Unformatted text preview: Chapter 5 H mte) - 2000 '9‘“) t" -sooo t" t... t—a IO-IM q.qM '10.“ 10M 4.," IOM :on Fig.55.1-1 5.1-1 in this case fc =10 MHz. In, = 1 and m; = 8000. For FIVI : A} = twp/27. = 2W x 105/21: = 105 Hz, Also j. = 107. Hence. (f.)....,. = 10' +105 = 10.1 MHz. and (Li-n... = 107 - 105 = 9.9 MHz. The carrier frequency increases linearly from 9.9 M Hz to 10.1 MHz over a quarter (rising) cycle of duration (1 seconds. For the next (1 seconds. when m(t) = 1. the carrier frequency remains at 10.1 MHz. Over the next quarter (the falling) cycle of duration a. the carrier frequency decreases linearly from 10.1 MHz to 9.9 MHz.. and over the last quarter cycle, when ml!) = —-l. the carrier frequency remains at 9.9 MHz. This cycles repeats periodically with the period 4a seconds as shown in Fig. 85.1-ia. For PM : A] = kpmm: = 50: x 3000/27: = 2 x 10‘ Hz. Also I. = 10". Hence. (1.)...“ = 10’ + 2 x 103 = 10.2 MHz. and (12).“... = 107 — 2 x 10” = 9.8 MHz. Figure S5.1-1b shows mu). We conclude that the frequency remains at 10.2 MHz over the (rising) quarter cycle. where 1ii(l) = 8000. For the next a seconds. vh(t) = 0. and the carrier frequency remains at 10 MHz. Over the next a seconds. where n’t(t) = -8000. the carrier frequency remains at 9.8 MHz. Over the last quarter cycle 1h(t) = 0 again, and the carrier frequency remains at 10 MHz. This cycles repeats periodically with the period 4n seconds as shown in Fig. 55.1-1. 5.1-2 In this case ft = 1 MHz. 111,. = l and "1;: 2000. For PM : A] = mop/2n = 20.0007/21r = 10‘ Hz. Also 1. = 1 MHz. Hence. (1.)...” = 10° + 10‘ = 101 MHz. and (I.)min = 106 — 10" = 0.99 MHz. The carrier frequency rises linearly from 0.99 MHz to 1.01 MHz over the cycle (over the interval - 1°- 3 < f < 395:). Then instantaneously. the carrier frequency falls to 0.99 MHz and starts rising linearly to 10.01 MHz over the next cycle. The cycle repeats periodically with period 10'3 as shown in Fig. 55.1-2a. For PM : Here. because mU) has jump discontinuities. we shall use a direct approach. For convenience. we select the origin for m(t) as shown in Fig. 85.1-2. Over the interval -3 to we can express the message signal as mU) = 2000?. Hence. emu) = cos [21r(10)6t + 321nm] = cos [21r(10)°t + 220001] =- cos [21r(10)6! + moon] = cos [2x (106 + 500) 1] At the discontinuity. the amount of jump is 1nd = 2. Hence. the phase discontinuity is kpmd = 1r. Thereibre, the. carrier frequency is constant throughout at 106 + 500 Hz. But at the points of discontinuities. there is a 45 5.1-3 5.2-1 5.2-2 5.2-3 5.2-4 5.2-5 Fig. 55.1.2 phase discontinuity of 11' radians as shown in Fig. S5.1-2b. In this case, we (3) Wm“) = Acos [wet + k,1n(f)] = 10 cos[10,000 We are given that ¢p,\1(t) = 10 cos (13.000!) with k, = 1000. Clearly. m(t (b) t I Therefore k, / m(o)da =1000/ t Hence St = / m(a) do = m(f.) = In this case k! = 10001: and k, = 1. For m(?) = 2 cos 1001+ 18 cos 200011! and must maintain k, < 1r because there is a discontinuity of the amount 2. For k, > 1r, the phase discontinuity will be higher than 21: giving rise to ambiguity in demodulation. t+ k,m(r)] ) = 3!. over the interval |t| S 1. I l inﬁll = .4 COS [~21 + k1] m(a)da] = 10 cos [10.0001 + hf 112(c)(la] "1(a) do = 3000! 3 111(1) 2 ~200 sin lOOt — 36.00011' sin 2000M Therefore 17:, = 20 and "1;, = 36. 0001! + 200. Also the baseband signal bandwidth 8 = 20001r/21' = 1 kHz. For FM : : A] = k,m,,/2n = 10.000. and em = 2(Af + B) = 2(20.ooo +1000)= 42 kHz. For PM : : Af = k,m}/21r = 18.000 + I? Hz. and Bpm = 2(Af + B) = 2(18.031.83 +1000) == 38.06366 kHz. 95531“) = 10 cos(w¢t + 0.1 sin 2000171). Here. the baseband signal bandwidth B = 20001r/21r = 1000 Hz. Also: 01.0) = w; + 2001 cos 20001” Therefore. A.» = 2001: and A f = 100 Hz and em = 2(A f + B) = 2000 + 1000) = 2.2 kHz. ,9“. (f) = 5 cos(.act + 20 sin 10001" + 10 sin 2000“). Here. the baseband signal bandwidth B = 20001r/21r = 1000 Hz. Also. w,(1) = we + 20. 0001r cos 10001rt + 20,0001 cos 2000M Therefore. A.» = 20.0001r+20.0001r = 40.0001r and AI = 20 kHz and 85” kHz. The baseband signal bandwidth 8 = 3 x 1000 = 3000 Hz. For FM : A] = 2;? = 1293‘ =15.951kHz and am = 2(Af + 13) = For PM: A; = “'2' = = 31.831 kHz and 13m = 2(Af+ B) The baseband signal bandwidth 8 = 5 x 1000 = 5000 Hz. For FM : 46 = 2(AI+B) = 2(20.000+1000) = .22 37.831 kHz. = 66.662 kHz. Aj=ilg£=mg§ﬂ=1knzend Bp,\1=2(Af+B)=2(2+5)=14 kHz. .1 For PM : To ﬁnd BPM. we observe from Fig. 85.1-2 that thM (t) is essentially a sequence of sinusoidal pulses of width T = 10‘“ seconds and of frequency fr, = 1 MHz. Such a pulse and its spectrum are depicted in Figs. 3.22c and d. respectively. The bandwidth of the pulse, as seen from Fig. 3.22d, is tin/T rad/s or 2/1" Hz. Hence. BPM = 2 kHz. 5-2-6 (al FOP FM = A! = k-‘k? = = 100 kHz and the baseband signal bandwidth B = 33:79: = 1 kHz. Therefore BFM = 2(A/ + B) = 202 kHz For PM: A} = = 10—42395! =10 kHz and BPM = 2(Af + B) = 2(10+l) = 22 kHz. (b) m(I) = 2 sin 200011.. and B = 20001r/21r = 1 kHz. Also m, = 2 and m; = 4000a. For-FM: Af=3%‘2=l°£%f"£=2oomz.snd 3m = 2(AI + B) = 2(200 + 1) = 402 kHz For PM: Af = “'2' = mam = 20 kHz and 13m = 2(Af + B) = 2(20 + 1) = 42 kHz. (c) m(t) = sin 40001rt. and B = 40001r/21r = 2 kHz. Also m, = 1 and m.’, = 40007t. For-FM: Aj=%z=m°°#n=ioomz,and BFM = 2(Af + B) = 2(100 + ‘2) = 204 kHz For PM: a; = = 394515991 =20 kHz and an, = 2(A1+ B) =2(2o+2)=44 kHz. (d) Doubling the amplitude of m (f) roughly doubles the bandwidth of both FM and PM. Doubling the frequency of mm {expanding the spectrum 51(w) by a factor 2] has hardly any effect on the FM bandwidth. However. it roughly doubles the bandwidth of PM. indicating that PM spectrum is sensitive to the shape of the baseband sport rum. FM spectrum is relatively insensitive to the nature of the spectrum M(..;). 5.2-? From pair 22(Table 3.1). we obtain r", <==9 1r NJ“. The spectrum MM) = ﬁn' “1" is a Gaussian pulse. which decays rapidly. lts 3 dB bandwidth is 1.178 i'ad/s=0.]87 Hz. This is an extremely small bandwidth compared to A f . Also vhf!) = —2fr"‘/2. The spectrum of rii(t) is M'(.u) = jwlllw) = jﬁwe‘”2/‘. This spectrum also decays rapidly away from the origin. and its bandwidth can also be assumed to be negligible compared to Af. For FM: Aj=£lgz =2°%r—‘-1.—.3kuzand Br31z2Af=2x3=6kHL For PM : To find "1;. we set the derivative of rh(r) = —2t¢!"2/2 equal to zero. This yields iii(t) = —2a":/2 + “an-'2"; = 0‘ =s z = .1— J5 and 111;, = riﬂvlil = 0.858. and A] = = = 3.432 kHz and am e 2(Af) = 2(3.432) = 6.864 kHz. 5.3-1 The block diagram of the design is shown in Fig. 55.3-1. 5.3-2 5.4-1 5.4-2 5.4-3 and Fig. sea-2 The block diagram of the design is shown in Fig. 85.3-2. (a) tppuﬂ) = A cos [(4.ch + krm(!)] When this ppm!) is passed through an ideal PM demodulator, the output is kpriiu) This signal. when passed through an ideal integrator. yields kpmh). Hence. FM demodulator followed by an ideal integrator acts as a PM demodulator. However. if m(!) has a discontinuity. 1M!) = 00 at the point(s) of discontinuitY- and the 5y5tem will fail. (b) ¢m(t)=Acos [uci+k,/ m(o)dol Wth this signal ppm!) is passed through an ideal PM demodulator, the output is It; It 1n(o)da. When this signal is passed through an ideal diﬂ’erentiator. the output is kjm(t). Hence. PM demodulator. followed by an ideal differentiator. acts as PM demodulator regardless of whether m(t) has jump discontinuities or not. Figure 55.4-2 shows the waveforms at points b. c. d. and e. The ﬁgure is self explanatory. From Eq. (5.30). the Laplare transform of the phase error 9,(t) is given by S eds) = s + e.(s) For 91"!) = kfz, 9‘“) = and 2k 920*) " hats + AKIN-0] The steady—state phase error {Be}. (5 33)] is 2k ' t = ' .‘ s = = 33310“) l’l‘l‘e“ ) s(s+AK) Hence. the incoming signal cannot be tracked. If s + a 2k ’ x t the“ 69(5) " 32 {g + AKS:+¢)] and 21: 2k 3319"” = We“) = = m Hence. the incoming signal can be tracked within a constant phase 2k/Aka radians. Now. if .2 - - I '1.- H(s) = \$ + a; T I then 6.(s) = z .0: 52 [s + 4Kgﬁ+u+n] r ﬁ(t)-l‘ '9(~-lim——gL—-——O ' - all-I2)“ e ')— 1-O #3 + AK(.«2 + M +15) ln this case. the incoming signal can be tracked with zero phase error. 48 Fiﬁ—+454 HlWlHH/IHHHH .f HHWHHHHHIHHH ** W ...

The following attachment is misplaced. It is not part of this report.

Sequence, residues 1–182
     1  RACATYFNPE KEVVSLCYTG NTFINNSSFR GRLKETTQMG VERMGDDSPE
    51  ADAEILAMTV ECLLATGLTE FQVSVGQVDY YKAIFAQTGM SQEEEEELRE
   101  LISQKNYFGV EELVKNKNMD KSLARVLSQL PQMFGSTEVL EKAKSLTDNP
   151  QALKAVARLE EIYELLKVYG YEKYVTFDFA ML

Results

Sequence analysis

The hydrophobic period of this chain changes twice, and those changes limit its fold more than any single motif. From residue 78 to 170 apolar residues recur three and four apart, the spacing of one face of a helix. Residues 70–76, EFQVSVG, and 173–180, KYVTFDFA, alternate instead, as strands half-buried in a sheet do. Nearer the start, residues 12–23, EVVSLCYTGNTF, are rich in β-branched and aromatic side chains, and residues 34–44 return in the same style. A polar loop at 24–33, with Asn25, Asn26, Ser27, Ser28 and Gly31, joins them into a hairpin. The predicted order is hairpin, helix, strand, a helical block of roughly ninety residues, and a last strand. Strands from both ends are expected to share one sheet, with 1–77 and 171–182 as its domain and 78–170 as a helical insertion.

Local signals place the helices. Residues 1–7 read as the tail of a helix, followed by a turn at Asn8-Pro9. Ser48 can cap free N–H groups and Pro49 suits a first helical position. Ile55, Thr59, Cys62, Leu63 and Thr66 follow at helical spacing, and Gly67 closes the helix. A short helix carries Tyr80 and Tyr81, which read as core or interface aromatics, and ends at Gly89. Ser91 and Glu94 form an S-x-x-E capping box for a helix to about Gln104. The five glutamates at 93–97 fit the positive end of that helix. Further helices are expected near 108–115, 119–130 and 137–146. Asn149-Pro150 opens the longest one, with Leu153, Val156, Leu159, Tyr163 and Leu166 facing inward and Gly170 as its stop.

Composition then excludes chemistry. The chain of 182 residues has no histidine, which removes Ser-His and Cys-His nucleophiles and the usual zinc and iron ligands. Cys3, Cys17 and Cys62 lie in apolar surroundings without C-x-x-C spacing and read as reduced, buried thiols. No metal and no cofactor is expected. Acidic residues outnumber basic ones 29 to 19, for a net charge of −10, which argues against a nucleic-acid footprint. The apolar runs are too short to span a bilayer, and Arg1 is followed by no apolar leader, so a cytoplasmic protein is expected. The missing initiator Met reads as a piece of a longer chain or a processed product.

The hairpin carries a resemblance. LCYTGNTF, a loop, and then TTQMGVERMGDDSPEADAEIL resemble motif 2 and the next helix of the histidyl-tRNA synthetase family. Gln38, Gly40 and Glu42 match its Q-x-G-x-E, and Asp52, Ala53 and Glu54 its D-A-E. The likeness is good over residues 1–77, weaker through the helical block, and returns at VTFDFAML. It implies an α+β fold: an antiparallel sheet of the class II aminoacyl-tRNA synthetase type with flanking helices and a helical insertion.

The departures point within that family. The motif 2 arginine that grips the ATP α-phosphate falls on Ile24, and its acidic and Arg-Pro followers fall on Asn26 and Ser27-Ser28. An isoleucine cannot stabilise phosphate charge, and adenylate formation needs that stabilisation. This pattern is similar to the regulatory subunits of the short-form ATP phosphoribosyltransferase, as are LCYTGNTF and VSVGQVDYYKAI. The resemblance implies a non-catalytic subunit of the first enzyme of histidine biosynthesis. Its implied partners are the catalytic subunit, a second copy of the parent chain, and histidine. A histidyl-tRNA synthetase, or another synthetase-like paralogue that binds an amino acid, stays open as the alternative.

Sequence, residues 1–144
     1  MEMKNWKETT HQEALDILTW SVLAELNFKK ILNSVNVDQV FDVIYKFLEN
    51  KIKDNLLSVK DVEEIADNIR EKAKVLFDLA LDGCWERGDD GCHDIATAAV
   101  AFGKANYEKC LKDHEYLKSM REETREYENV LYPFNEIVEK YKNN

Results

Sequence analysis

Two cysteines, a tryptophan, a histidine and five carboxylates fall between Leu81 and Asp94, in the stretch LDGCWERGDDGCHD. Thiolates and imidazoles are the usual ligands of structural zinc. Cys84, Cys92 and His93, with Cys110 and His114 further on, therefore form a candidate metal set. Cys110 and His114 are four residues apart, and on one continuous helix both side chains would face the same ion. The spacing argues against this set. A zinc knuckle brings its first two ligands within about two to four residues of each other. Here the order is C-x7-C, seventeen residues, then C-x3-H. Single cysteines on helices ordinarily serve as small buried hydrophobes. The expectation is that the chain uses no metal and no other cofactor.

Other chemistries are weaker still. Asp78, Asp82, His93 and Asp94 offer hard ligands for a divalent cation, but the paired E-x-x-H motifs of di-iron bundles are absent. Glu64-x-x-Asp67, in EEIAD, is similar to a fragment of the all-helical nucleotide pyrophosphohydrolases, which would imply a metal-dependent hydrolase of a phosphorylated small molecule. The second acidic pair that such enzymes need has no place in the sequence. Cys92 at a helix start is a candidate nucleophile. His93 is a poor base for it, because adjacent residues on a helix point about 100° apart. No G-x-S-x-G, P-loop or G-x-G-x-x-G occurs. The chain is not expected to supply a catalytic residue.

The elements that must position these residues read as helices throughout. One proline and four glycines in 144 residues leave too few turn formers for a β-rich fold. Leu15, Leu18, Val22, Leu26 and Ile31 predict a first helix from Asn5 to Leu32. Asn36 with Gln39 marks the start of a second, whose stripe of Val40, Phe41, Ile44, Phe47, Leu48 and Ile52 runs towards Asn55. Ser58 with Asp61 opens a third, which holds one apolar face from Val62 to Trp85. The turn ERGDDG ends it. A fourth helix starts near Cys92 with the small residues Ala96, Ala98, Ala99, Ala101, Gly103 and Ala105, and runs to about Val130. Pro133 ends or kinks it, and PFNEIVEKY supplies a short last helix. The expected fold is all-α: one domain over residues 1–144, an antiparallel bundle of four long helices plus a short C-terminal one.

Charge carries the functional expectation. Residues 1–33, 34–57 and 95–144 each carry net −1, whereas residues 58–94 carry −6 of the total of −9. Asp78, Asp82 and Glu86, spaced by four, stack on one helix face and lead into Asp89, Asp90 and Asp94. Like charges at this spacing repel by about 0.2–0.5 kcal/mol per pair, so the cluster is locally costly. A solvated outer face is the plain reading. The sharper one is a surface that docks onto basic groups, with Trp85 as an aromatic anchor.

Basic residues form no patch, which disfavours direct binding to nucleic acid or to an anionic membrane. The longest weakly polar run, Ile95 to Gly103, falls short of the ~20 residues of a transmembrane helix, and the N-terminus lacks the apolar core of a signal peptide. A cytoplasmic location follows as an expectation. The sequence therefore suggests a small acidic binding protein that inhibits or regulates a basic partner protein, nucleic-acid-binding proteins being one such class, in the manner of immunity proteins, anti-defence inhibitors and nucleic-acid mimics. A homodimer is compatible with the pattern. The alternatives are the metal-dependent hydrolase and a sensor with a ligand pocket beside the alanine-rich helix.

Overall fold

View Full Document

{[ snackBarMessage ]}

### Page1 / 5

Chapter 5 - Chapter 5 H mte 2000'9‘“ t"-sooo t"...

This preview shows document pages 1 - 5. Sign up to view the full document.

View Full Document
Ask a homework question - tutors are online